Prioritizing Health Care - Tensions and Interplay between Legal, Political, Economic and Professional Perspectives
Western Norway University of Applied Sciences
January 2013 - November 2017
The prioritizing of health services is a challenge that faces all welfare societies. What should the national health services provide? How will they be financed and which patient groups should get priority when capacity and resources are limited? In this interdisciplinary project, we analyze how the prioritization and allocation of health services are regulated.More specifically we explore the regulation of prioritization of healthcare services by means of legal, political, economic, administrative and professional instruments. What is the specific content and purpose of the different instruments regulating distribution and prioritization of healthcare services? Do they produce similar interpretations of relevant concerns, clinical outcomes and coherent concepts of fairness? To make comparisons possible, the researchers focus on cardiovascular medicine with a particular attention on the distributive impact on elderly and socioeconomic disadvantaged patients. The consortium partners and the international board represent a broad range of expertise and disciplines (law and human rights, philosophy, political science, sosiology, anthropology and medicine). Methodology from law, social sciences, health economics and philosophy will be utilized.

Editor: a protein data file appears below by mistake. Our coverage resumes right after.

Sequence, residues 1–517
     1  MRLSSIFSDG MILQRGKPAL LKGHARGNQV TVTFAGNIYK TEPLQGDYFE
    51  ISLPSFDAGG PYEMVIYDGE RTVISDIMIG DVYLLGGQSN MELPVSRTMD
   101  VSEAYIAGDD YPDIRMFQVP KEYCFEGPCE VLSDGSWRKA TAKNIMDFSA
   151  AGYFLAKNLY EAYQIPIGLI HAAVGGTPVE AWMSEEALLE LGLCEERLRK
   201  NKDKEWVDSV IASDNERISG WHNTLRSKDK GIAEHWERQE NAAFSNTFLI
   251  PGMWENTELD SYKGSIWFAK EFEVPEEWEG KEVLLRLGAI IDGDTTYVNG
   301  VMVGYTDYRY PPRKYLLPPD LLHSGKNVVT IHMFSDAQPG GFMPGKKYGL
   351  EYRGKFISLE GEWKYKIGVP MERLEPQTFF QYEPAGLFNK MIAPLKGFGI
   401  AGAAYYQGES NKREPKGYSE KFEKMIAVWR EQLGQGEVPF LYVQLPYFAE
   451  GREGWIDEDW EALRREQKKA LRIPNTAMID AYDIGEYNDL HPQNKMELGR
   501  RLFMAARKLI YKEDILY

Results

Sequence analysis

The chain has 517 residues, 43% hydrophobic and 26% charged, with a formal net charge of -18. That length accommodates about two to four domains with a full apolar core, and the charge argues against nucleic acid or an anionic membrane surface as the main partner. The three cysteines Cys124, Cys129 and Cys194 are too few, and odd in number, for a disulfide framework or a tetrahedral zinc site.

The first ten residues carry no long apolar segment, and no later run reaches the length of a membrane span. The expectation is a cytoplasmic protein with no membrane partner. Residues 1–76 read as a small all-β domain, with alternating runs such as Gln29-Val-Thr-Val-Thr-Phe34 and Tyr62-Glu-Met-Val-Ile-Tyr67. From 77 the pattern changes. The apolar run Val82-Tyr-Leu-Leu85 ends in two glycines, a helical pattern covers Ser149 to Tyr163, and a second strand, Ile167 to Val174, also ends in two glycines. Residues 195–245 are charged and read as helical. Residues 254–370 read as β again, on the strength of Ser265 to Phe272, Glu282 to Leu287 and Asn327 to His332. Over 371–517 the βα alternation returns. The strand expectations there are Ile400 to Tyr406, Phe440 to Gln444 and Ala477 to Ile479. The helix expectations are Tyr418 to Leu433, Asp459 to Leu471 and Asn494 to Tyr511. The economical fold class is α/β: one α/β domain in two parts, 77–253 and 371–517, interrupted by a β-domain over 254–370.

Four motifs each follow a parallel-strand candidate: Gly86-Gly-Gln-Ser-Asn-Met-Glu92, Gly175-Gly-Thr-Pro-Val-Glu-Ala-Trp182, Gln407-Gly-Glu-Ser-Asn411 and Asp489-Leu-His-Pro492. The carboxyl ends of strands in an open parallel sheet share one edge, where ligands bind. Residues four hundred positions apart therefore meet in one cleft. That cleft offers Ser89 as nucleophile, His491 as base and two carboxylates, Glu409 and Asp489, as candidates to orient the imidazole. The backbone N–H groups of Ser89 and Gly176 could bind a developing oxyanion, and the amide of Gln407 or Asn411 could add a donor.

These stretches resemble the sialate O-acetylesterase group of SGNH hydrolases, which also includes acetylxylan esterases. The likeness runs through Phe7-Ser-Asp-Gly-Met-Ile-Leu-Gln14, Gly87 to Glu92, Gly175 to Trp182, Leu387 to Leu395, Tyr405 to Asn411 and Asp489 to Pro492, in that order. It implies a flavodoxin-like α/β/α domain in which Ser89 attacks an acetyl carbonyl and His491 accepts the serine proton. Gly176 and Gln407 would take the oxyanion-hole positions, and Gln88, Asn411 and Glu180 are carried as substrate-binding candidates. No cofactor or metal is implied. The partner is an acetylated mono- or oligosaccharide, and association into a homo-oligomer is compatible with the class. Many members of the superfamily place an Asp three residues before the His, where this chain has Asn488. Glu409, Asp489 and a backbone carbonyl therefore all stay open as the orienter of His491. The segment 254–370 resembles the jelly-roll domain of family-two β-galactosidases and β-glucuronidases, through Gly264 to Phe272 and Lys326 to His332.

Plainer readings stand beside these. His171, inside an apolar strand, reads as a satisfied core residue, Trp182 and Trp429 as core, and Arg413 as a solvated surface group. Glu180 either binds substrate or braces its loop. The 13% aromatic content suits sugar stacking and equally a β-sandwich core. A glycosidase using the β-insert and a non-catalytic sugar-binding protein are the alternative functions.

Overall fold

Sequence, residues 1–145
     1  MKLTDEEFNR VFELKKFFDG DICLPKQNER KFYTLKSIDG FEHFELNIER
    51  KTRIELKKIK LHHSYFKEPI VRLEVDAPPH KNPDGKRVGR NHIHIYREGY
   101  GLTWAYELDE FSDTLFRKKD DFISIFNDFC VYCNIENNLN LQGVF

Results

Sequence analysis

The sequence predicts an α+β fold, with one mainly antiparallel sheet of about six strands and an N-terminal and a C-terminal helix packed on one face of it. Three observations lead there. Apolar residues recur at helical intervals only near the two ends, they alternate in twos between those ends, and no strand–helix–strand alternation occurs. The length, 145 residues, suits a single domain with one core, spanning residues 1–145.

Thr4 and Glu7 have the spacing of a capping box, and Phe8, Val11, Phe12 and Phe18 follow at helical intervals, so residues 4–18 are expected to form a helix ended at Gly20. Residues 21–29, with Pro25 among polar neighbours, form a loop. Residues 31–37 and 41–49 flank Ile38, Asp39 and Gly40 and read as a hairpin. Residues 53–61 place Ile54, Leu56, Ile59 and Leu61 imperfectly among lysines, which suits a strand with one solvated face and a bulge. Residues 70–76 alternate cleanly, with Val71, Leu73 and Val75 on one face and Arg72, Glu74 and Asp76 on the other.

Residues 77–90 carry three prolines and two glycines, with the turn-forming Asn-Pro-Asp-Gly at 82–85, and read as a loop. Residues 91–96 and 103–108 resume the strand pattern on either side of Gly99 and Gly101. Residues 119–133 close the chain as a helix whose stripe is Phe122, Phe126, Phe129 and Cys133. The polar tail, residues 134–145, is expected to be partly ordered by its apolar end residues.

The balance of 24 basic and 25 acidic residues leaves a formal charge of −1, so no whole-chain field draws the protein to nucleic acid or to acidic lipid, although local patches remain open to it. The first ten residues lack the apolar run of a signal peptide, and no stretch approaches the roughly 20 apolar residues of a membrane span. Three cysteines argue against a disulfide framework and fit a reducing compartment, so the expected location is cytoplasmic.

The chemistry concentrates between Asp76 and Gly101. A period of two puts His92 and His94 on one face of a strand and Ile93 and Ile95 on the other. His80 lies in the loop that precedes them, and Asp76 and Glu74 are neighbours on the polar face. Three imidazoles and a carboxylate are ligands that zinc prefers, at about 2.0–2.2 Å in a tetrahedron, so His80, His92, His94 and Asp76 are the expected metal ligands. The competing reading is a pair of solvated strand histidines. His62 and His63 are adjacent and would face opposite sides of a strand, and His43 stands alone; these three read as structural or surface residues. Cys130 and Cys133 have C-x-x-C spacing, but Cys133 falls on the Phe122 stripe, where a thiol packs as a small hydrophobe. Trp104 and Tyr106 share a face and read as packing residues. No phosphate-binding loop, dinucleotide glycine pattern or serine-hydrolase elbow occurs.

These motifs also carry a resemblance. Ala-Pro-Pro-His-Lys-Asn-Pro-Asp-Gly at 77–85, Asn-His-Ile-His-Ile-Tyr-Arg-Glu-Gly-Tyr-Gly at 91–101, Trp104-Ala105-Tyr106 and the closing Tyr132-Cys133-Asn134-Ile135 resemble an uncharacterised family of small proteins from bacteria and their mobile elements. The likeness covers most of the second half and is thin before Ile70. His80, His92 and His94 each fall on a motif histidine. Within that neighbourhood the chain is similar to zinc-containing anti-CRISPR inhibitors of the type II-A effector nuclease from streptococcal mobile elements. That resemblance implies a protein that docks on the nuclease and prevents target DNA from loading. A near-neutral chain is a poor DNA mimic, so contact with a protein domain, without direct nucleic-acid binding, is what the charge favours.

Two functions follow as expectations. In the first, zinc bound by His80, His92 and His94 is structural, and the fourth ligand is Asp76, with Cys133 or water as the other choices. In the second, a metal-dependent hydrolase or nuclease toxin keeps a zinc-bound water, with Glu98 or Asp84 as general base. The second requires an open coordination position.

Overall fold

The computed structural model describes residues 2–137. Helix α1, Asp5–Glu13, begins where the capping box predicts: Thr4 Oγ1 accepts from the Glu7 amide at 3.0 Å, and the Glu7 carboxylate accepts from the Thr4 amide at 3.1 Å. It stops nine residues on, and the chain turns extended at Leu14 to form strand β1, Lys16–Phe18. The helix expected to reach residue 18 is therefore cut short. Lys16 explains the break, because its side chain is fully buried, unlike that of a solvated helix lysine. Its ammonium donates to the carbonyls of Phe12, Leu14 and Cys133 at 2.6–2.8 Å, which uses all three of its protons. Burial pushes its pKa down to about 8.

The project is divided into three modules In module 1, we conduct a legal analysis of the legal sources and framework regulating access to and distribution of specialist health care services and empirical analyzes of how different actors interpret and apply the legal regulation. In module 2, we conduct both empirical and normative analysis of political, bureaucratic and professional instruments in general and especially in the cardiovascular medical field. In Module 3, we make a comparison and overall analysis of the interplay between the different instruments and how they function as a whole, and how they facilitate fairness in healthcare prioritization and distribution.